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there are some elements there where i think there are a lot of people who agree with the plights of two different communities that must be viewed. >> we've talked about it. >> you've actually watched it. some people don't watch it, they don't know what it's about, but go reckon with it, watch it, see for yourself. new details in an effort to get southwest airlines to evacuate. most of the flights this week have been canceled. but they're not explaining why. >> it was an attempted hijacking of a commercial airliner. >> this is a really tremendous account to what was happening in those horrendous weeks when
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there was this tremendous act from afghanistan. afghanistan, these awful 3 hours. there were five people who intended to hily. be tonight know the information. quote, our team worked to get clear of the native ramp -- that's the flight that had the hijackers on it -- relocated to the north sida way from friendly forces, then ultimately to the south side where the situation was handled. they said one of them was on the campus to take photographers. every one going back had toly.
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we never reported on any such incident. what we're also learning is there are still americans in afghanistan, about 100 of them, who want to leave the country. according to a safety department e-mail that went to. we'll stay in this week that we're scheduled or canceled. we don't know details has to why the flightily. now, the state, but they are working to get these flights up and running, to get green card hold hempd. we'll have more details as to
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when those evacuation flights are starting. one doctor is warning, we already started the war. the virus is not going anywhere. he'll make his case to us. and whatever the size. that's why we set out to help make it easier for everyone to move forward financially. see how we can make a difference for you at pnc bank. in 2016, i was working at the amazon warehouse when my brother passed away. and a couple of years later, my mother passed away. after taking care of them, i knew that i really wanted to become a nurse. amazon helped me with training and tuition. today, i'm a medical assistant and i'm studying to become a registered nurse. in filipino: you'll always be in my heart.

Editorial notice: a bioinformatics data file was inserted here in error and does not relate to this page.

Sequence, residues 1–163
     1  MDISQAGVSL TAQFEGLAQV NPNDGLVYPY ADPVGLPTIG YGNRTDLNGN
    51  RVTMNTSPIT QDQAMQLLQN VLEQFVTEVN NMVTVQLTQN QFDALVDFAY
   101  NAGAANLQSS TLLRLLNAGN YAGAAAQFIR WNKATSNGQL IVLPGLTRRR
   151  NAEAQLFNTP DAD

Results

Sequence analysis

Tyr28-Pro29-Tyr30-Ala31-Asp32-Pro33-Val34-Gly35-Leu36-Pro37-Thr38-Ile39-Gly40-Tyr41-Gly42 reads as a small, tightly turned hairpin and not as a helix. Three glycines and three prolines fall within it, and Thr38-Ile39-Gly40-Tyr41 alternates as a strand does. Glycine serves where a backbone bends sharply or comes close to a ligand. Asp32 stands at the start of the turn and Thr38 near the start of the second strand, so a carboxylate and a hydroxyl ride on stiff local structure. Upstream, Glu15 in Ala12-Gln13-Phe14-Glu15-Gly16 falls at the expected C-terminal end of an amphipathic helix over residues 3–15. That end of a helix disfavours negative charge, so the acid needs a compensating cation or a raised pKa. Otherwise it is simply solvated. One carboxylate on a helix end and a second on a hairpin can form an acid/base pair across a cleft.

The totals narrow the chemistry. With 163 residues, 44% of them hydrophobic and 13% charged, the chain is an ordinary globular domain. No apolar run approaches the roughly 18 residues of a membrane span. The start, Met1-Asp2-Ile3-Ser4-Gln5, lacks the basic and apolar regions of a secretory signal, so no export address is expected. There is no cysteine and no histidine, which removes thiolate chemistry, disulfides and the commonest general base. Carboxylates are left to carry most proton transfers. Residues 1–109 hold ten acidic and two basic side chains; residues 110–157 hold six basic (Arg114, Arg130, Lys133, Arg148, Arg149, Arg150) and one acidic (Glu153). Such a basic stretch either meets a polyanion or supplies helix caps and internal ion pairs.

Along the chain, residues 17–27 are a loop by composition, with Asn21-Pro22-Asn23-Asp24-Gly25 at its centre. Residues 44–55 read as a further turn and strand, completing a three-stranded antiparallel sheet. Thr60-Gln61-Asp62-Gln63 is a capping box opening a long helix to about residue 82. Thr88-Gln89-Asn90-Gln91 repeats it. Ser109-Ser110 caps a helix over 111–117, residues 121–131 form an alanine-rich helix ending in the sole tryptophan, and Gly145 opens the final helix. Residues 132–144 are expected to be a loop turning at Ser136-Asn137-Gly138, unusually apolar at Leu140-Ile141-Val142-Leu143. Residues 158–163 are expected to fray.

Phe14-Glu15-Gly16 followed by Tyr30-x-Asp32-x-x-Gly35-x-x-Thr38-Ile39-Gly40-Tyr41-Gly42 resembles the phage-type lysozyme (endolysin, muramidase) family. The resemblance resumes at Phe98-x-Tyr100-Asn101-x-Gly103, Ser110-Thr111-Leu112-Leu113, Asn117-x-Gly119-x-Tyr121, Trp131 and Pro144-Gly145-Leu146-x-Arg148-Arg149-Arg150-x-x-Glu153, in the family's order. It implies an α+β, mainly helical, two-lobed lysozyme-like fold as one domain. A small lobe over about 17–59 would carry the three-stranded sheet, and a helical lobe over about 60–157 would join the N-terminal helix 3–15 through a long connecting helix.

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despite dropping case numbers and hospitalization numbers, one doctor on the front lines of covid says we have lost the war. covid-19 is here to stay. the chief clinical officer for the state alphonsus health system in boise, idaho. doctor, thank you for being here. what do you mean we have lost the war on covid-19? >> thanks for asking me that question. a pleasure to be with you. the fact is that we need to accept reality now. what's transpired is we are unable to vaccinate enough people to achieve herd immunity and, in fact, in my state, only 42% of the state vaccinated against covid. that's why we're operating in crisis standards of care and patients are still overwhelming our hospitals. yes, we have seen a slight decrease, but we are not in good shape currently. and understanding that
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continuing to beg people to get vaccinated and cover their faces for the nonbelievers, that's not going to change behavior. so we need to move from the concept of pandemic, which is this overwhelming epidemic we are experiencing, to endemic, meaning that covid is going to be living with us for the foreseeable future and we need to deal with that. >> doctor, is it possible that some of your pessimism comes from being in idaho? i mean, let me show the viewers what idaho looks like in terms. devin day average of deaths, in october in your state versus june versus april and february and then in terms of the new cases, once again you are just seeing this, you know, huge surge that overtook your state in october. i mean, that's not how much of the country feels and the numbers in much of the country don't look like that. it feels like we are getting a handle on covid. >> well, it's not that we are getting a handle on covid. it's that we are blessed to